JU-student wins silver at the Swedish National Skills Competition.

Alexander and Saga poses with their medals

JU-student Alexander Aronsson competed at the Swedish National Skills Competition with Saga Persson from Lund University

On 10th–12th of May, JU-student Alexander Aronsson competed at the Swedish National Skills Competition in Växjö. After a nail-biting finish, he finished at a well-deserved second place.

Alexandar Aronsson, student at the School of Engineering (JTH) at Jönköping University (JU), competed in the Entrepreneurship and Business Development category along with teammate Saga Persson from Lund University. Over three days, the students worked to produce a business idea and a marketing strategy, and then presented this to a jury.

The key to success

The case came from ICA Sweden, with the task being to create an innovative and profitable store concept that would be able to withstand the retail industry’s challenges: a changing demographic, sustainability, digitalisation, and globalisation. The competition was divided into five modules that were to be completed in a given timeframe, with no information given about the contents of the coming modules. The key to success, according to Alexander, was to do a rigorous background check, and to continuously analyze the available modules.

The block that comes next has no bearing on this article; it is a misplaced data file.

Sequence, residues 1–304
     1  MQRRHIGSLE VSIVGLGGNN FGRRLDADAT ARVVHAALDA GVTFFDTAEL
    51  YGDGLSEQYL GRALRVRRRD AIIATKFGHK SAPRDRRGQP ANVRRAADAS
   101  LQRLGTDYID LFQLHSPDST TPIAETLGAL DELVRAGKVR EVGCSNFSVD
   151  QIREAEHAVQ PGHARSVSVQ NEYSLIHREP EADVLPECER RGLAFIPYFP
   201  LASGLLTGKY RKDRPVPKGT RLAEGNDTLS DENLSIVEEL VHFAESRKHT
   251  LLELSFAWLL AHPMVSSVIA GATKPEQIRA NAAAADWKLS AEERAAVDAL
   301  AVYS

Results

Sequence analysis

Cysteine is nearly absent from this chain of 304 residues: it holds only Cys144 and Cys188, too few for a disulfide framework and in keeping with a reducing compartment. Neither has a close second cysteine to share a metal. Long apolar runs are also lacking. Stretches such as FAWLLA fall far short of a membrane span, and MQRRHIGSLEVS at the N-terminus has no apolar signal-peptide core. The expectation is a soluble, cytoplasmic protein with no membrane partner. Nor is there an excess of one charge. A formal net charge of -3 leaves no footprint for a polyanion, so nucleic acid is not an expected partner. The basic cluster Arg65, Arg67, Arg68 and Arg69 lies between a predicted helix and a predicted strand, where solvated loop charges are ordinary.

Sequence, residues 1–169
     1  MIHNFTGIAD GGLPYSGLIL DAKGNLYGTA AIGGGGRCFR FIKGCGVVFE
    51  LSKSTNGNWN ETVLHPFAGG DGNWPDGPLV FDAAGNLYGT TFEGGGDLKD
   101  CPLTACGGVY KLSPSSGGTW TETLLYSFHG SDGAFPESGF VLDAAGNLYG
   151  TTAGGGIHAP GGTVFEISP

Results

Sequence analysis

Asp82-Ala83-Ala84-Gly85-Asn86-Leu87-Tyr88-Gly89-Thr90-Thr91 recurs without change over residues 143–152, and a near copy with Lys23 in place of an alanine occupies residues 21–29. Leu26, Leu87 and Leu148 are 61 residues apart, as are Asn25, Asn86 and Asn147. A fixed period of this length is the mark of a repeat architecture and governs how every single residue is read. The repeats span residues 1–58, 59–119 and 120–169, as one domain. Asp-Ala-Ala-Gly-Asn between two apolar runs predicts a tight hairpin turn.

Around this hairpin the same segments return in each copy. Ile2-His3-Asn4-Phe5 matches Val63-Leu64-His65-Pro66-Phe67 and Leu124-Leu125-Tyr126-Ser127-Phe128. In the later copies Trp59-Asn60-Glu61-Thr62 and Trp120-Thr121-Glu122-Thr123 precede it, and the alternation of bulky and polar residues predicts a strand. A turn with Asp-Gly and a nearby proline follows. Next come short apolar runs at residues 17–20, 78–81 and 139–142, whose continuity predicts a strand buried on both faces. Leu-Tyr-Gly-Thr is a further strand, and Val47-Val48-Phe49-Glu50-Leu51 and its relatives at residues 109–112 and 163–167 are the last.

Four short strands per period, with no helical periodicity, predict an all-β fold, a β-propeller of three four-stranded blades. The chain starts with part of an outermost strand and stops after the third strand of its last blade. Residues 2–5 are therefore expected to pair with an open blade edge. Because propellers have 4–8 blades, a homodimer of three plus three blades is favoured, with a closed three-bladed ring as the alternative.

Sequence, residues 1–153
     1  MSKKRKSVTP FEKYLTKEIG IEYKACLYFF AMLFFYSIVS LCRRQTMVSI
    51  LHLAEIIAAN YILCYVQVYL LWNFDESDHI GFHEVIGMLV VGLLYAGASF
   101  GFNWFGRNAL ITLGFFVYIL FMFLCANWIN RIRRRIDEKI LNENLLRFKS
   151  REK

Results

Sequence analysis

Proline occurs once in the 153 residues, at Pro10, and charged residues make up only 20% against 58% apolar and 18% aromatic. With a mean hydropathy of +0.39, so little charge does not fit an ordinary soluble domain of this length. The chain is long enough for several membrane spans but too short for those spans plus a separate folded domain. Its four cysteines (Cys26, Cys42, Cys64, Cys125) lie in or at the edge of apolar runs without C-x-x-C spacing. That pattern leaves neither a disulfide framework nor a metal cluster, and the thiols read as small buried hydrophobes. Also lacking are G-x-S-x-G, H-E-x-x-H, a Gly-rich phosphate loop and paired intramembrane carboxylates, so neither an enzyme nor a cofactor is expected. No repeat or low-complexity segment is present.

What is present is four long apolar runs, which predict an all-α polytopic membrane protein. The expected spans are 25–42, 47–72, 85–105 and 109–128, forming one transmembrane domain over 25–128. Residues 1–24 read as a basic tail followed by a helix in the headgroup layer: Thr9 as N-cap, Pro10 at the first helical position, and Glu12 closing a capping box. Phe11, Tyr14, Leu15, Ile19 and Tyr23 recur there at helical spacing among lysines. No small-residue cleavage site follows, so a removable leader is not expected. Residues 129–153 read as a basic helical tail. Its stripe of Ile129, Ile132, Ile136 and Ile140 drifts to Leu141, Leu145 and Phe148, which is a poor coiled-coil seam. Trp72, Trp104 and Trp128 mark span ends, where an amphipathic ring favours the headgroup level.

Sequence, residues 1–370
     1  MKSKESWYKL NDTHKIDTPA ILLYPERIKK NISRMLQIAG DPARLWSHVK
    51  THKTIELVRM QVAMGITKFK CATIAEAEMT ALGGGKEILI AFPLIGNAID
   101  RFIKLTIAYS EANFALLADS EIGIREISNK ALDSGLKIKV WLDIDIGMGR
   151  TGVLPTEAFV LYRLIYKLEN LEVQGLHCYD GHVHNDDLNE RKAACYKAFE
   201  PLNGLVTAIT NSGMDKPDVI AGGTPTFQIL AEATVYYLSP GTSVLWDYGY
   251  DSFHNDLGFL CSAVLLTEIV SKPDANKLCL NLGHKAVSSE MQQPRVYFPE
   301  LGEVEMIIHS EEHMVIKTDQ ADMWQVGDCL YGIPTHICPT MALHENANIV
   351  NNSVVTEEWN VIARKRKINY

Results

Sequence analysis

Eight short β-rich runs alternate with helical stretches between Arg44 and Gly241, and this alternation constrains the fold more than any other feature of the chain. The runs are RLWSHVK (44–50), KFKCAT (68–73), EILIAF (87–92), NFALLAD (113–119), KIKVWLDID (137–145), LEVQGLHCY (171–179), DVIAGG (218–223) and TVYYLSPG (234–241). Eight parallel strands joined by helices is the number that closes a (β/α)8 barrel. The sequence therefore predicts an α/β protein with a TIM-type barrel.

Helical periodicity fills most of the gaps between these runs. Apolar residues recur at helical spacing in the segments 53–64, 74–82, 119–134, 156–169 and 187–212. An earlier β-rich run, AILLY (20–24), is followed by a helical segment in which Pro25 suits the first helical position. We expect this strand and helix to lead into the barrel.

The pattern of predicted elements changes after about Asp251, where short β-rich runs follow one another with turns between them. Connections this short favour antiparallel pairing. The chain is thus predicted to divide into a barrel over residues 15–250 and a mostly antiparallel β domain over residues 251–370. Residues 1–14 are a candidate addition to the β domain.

A silver medal is not a gold

According to Alexander, the competition was high. After the final pitch, the jury had to deliberate several times before naming a winning team. Both teams in the finale maintained a surprisingly high level of quality, and choosing a winner was, admitted the jury, one of the hardest things they had had to do.

- I am disappointed of course, a silver medal is not a gold. But at the same time, I think that we delivered a solid solution that I am very proud of, said Alexander.

The experiences from the competition were many. Some of Alexander’s strongest impressions came from the people he met during the competition, and they opened his eyes to professions and industries he was previously unfamiliar with. But the biggest lesson was to never forget the end consumer.

- If you solely focus on the solutions, you may forget for whom you are doing the work for. That is something I will carry with me when I run my own companies, he concludes.